Most of Seattle’s many immigrant athletes got here on planes. Yuniesky Betancourt took a boat, but it wasn’t exactly a luxury cruise. The Mariners shortstop, packing nothing but his talent, stole away from his native Cuba one night in late 2003. It took four days to make it to Cancún, Mexico, and another 20 months to get to Seattle, where Betancourt may well become the greatest shortstop in franchise history.
That would mean eclipsing the accomplishments of Omar Vizquel, the consensus best Seattle player at the position. But many already compare the range, arm strength, and accuracy of the 24-year-old Betancourt with the tools shown by Little O during his five years here. More important in the life of the franchise: Betancourt looks like a potential .300-plus hitter, while the best batting average Vizquel ever put up here was .294. Through July 28 of his first full season here, Betancourt hit .304. Since the All-Star Game break, he’s batting .400.
Betancourt has moved out of the ninth spot to a more productive place in the middle of the batting order. Fans, meanwhile, seem to be fixed on the shortstop’s slick fielding and infectious grin. The latter was on display as Betancourt considered a couple of questions posed via a translator. The first query wasn’t answered because it regarded the family Betancourt hopes to bring to the United States from Cuba.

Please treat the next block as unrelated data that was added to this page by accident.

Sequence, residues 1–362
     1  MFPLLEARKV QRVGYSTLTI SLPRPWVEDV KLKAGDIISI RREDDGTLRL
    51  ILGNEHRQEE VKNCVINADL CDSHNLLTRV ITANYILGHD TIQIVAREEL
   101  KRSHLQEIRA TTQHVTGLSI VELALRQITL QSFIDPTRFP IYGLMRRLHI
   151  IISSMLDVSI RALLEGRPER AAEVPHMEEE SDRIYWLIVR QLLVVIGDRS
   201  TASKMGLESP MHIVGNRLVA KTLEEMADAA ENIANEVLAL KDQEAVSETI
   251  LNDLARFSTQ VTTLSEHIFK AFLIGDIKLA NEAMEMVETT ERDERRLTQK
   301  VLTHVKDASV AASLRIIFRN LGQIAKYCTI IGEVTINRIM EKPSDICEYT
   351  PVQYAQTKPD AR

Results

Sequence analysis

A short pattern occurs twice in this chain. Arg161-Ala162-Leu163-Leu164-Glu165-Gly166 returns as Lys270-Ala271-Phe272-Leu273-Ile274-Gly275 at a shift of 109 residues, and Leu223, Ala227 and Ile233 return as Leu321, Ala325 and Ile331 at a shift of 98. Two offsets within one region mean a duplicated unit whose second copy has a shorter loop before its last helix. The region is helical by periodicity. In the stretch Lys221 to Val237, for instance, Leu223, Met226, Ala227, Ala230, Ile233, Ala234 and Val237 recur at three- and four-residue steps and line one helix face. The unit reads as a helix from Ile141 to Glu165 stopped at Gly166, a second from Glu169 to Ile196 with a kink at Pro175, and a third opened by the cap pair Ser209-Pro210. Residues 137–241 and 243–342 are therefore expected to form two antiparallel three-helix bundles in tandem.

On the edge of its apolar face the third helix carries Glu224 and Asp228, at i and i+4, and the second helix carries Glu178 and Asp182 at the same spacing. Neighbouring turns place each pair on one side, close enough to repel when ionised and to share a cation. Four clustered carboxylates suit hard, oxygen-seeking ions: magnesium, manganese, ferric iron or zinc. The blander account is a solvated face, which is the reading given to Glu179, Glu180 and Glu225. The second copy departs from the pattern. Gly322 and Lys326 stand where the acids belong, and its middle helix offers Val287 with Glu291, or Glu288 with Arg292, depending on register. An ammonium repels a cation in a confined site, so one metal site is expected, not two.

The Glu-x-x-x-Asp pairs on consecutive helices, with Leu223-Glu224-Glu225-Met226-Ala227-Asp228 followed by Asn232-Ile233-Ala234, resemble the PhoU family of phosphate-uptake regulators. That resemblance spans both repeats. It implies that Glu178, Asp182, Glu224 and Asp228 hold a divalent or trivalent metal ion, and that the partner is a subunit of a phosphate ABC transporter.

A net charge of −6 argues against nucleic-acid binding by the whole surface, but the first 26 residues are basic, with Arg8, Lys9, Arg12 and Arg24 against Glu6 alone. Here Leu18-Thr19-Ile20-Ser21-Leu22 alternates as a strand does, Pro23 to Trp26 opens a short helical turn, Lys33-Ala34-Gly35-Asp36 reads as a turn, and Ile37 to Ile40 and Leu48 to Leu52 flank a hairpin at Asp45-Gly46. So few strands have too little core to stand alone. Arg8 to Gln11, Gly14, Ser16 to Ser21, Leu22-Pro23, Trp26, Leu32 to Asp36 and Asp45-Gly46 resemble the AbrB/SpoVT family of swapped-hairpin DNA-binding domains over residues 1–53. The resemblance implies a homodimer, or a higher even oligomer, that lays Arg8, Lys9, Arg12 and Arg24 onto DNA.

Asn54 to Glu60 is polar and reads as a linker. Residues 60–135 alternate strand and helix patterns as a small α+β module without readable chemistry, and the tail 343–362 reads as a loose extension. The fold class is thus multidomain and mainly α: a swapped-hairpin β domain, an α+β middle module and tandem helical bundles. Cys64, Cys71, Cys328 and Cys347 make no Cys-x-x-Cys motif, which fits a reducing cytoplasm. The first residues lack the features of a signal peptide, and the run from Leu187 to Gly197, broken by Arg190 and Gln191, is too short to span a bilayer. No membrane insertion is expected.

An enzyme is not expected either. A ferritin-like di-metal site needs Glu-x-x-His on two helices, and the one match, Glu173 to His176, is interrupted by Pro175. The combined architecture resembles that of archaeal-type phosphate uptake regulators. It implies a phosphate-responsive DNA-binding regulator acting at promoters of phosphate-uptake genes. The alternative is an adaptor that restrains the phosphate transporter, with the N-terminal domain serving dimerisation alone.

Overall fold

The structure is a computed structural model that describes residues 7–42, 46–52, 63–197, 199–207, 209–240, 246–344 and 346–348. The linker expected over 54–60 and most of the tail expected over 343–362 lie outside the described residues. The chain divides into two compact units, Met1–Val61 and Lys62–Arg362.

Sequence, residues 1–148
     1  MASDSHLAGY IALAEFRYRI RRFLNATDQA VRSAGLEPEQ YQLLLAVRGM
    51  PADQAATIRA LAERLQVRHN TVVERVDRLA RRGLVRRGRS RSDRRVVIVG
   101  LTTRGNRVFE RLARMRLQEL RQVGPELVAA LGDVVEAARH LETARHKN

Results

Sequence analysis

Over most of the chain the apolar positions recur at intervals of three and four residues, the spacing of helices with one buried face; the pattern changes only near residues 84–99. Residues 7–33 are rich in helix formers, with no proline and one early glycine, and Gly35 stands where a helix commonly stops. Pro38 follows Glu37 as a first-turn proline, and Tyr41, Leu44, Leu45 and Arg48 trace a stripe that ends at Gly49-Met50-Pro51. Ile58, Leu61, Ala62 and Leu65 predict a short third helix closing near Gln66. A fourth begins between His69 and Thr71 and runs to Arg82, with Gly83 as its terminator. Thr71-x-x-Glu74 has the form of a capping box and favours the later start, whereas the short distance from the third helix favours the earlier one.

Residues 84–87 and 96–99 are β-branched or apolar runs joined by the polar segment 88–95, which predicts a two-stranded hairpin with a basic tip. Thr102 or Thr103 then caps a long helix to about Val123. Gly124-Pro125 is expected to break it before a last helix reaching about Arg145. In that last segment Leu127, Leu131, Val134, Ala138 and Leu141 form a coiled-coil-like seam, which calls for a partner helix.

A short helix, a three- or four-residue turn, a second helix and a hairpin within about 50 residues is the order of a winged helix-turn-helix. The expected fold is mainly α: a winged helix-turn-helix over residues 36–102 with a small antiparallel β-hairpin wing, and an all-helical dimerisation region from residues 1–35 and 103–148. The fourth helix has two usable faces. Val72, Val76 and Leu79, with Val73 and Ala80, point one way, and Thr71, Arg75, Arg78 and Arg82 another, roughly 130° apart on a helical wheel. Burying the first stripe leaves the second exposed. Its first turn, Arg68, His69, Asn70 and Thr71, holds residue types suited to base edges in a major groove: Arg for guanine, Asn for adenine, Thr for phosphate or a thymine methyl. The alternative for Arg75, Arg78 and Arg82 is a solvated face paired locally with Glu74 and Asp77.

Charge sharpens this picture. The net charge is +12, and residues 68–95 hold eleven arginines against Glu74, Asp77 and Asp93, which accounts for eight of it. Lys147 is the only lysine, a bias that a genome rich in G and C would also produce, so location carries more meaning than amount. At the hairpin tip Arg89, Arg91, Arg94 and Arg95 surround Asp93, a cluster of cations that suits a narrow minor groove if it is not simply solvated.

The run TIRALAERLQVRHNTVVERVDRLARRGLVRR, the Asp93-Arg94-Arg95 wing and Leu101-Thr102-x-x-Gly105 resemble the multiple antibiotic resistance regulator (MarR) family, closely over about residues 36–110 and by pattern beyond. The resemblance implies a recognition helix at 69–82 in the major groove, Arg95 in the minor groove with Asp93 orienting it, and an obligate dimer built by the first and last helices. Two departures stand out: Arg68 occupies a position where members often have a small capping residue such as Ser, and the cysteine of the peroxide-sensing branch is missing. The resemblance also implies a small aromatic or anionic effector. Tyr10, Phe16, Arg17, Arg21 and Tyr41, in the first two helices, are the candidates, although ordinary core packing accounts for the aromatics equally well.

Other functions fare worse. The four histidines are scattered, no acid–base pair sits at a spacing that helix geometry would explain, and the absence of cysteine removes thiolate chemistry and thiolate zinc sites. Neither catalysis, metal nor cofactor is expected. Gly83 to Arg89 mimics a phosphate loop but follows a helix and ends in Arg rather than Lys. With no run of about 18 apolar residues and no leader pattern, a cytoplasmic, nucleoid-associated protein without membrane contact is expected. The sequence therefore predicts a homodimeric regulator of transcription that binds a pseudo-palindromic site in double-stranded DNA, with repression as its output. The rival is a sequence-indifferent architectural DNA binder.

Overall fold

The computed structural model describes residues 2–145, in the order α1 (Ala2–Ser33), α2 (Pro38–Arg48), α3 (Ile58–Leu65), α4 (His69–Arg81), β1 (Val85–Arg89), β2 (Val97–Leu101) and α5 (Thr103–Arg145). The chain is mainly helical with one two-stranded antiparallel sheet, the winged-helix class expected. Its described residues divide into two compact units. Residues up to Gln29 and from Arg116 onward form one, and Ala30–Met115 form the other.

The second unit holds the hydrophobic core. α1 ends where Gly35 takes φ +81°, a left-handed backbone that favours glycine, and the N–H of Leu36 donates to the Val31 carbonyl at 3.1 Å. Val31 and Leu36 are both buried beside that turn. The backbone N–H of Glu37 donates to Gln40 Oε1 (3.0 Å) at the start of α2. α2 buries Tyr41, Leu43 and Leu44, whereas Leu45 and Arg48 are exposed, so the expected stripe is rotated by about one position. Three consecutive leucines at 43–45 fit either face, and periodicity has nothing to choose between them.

He’s “a bit hesitant to talk about what life in Cuba would be like now, but he said that he wouldn’t have any of the opportunities that he has here,” said bilingual team rep Gillian Hagamen.
As for Seattle, he said he likes “everything about the city, especially the people and the weather in the summer. If the summer weather lasted year-round, Seattle would be the best city in the country.”—Mike Henderson